Sen. Hillary Clinton is considering a run for president in 2008. I like Hillary Clinton but she has negatives dogging her. She automatically loses tens of millions of votes from the religious and conservative right. Clinton is a divisive figure even though it’s not of her own doing.  

What about other Democratic stars who wouldn’t start the presidential campaign with a lot of baggage. Evan Bayh, Bill Bradley and John Edwards are proven winners without an entourage of negatives.  

With Hillary Clinton as presidential candidate, Democrats would be shooting themselves in the foot before the race even began. 

Ron Lowe  

Grass Valley  




Editors, Daily Planet: 

The world is facing huge ecological catastrophes. Our universities should be radically re-directing our resources to studying ways to turn around the causes and find solutions to get as many species through this collapse as possible, most notably our own. 

Spending millions of dollars to build an elite training gym on a precious oak grove is complete insanity! 

UC is so manipulated by corporate financial interests that not only is its contribution to solutions of humanity’s pressing problems minimal but it is unfortunately actively plummeting us in the direction of doom. Nukes, bio tech, and nano technologies are far more likely to harm than help the delicate ecology we need for survival. And don’t be fooled by a new proposed bio-fuel research mega-project. It will be in the vein of the disastrous industrial agriculture practices that are the problem. 

Of course there are voices of reason and hope within the university: Miguel A. Altieri, Ignacio Chapela, Patrick Archie, the Agrariana student group, the organic garden, the projects for sustainable Ag at Gill Tract (and the struggle to preserve it), the Save the Oaks Student group, some elements of the College of Natural Resources etc. It is toward these efforts the University should be directing it’s resources.  

We have so much to lose if the university is allowed to aggressively head down the tracks of doom fueled by a blind corporate greed. The building plans UC has, as reported in the Dec. 5 Berkeley Daily Planet, are very alarming. Please, sane reverent people, speak up. 

Cyndi Johnson 




Editors, Daily Planet: 

I was appalled to read that Jane Brunner had blocked an appointment to the Oakland Planning Commission because she objects to the nominee’s positions on abortion and gun control. The planning commission never makes a ruling that has any bearing on those issues. It is this sort of behavior that has created the polarization that is plaguing the nation. If you don’t like his stance on those issues, it makes sense to oppose him for positions that involve health care and police policy, but there is no good reason to keep him off the planning commission that is not directly related to urban planning. 

Marcella L. Murphy 




Editors, Daily Planet: 

I was dismayed to read about the ABAG quota for new housing units in Berkeley. Although I agree that Berkeley needs affordable housing, we also need to remember why we love living in Berkeley. Personally, as a resident of the flats and a neighbor to Ashby BART, I enjoy walking through residential streets, admiring the gardens of neighbors, and knowing most of the other residents of my block. When huge increases in density are proposed (such as the ridiculous transit village idea) I know it will directly affect me. As usual, they are suggesting that these 2,712 units be built downtown, along major corridors, and close to public transportation (why do they never propose higher density in the more upscale neighborhoods?). In the past affordable housing was built to fit in with Berkeley. For example, Savo Island (bordered by Adeline, Stewart, Milvia, Oregon and Ward) has 57 units that were built for families, seniors and disabled people. Even at that size, it still feels somewhat densely populated as compared to the surrounding neighborhood. However high rise apartments, condos etc. will not enhance the quality of life in Berkeley. Here’s what really gets me: ABAG can dictate to member cities and counties our public policy. I thought that if policies are required which impact our daily quality of life, that we could vote to throw the suckers out! However, ABAG is not an elected board. While I appreciate a “regional approach” to transportation and air quality issues, I certainly don’t want city policy dictated by an unrepresentative board. I look forward to the Planet doing some further reporting on who and how people are appointed to ABAG, and what their agenda is.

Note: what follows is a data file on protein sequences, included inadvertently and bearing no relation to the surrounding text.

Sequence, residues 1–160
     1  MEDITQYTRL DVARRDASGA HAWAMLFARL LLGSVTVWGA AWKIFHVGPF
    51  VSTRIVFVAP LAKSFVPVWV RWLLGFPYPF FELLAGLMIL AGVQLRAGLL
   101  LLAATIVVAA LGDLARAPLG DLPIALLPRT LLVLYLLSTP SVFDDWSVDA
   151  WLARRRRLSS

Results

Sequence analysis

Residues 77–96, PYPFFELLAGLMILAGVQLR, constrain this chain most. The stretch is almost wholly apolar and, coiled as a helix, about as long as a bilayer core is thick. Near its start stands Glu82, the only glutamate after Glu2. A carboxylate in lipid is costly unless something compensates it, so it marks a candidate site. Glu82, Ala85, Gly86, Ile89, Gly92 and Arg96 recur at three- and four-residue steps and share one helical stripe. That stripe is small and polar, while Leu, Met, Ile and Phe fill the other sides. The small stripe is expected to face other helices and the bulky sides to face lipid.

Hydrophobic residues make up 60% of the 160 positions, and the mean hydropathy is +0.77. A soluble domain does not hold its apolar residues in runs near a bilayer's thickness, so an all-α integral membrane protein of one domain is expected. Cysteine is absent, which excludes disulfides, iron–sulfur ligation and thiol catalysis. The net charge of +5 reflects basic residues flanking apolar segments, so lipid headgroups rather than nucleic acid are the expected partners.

Nora Goodfriend-Koven 




Editors, Daily Planet: 

Instead of shopping at a mega-mall, I consciously decided to patronize a locally owned merchant in downtown Berkeley on a recent visit to the area. Figuring I was safe, I parked in a spot flanked with “90 minute parking” signs. As I returned to my car well within 90 minutes, my stomach sank as I noticed the small white envelope stuffed under my windshield wiper. Thanks to the arcane City of Berkeley parking regulations, I was slapped with a $30 visitor’s tax, AKA parking ticket. Merchants take heed: your city creates an uninviting environment for visitors wishing to patronize your stores. Next time, I will spend my dollars with local merchants in my own town rather than risk another encounter with Berkeley’s guerrilla parking department.  

Lisa Hill 

Reno, Nevada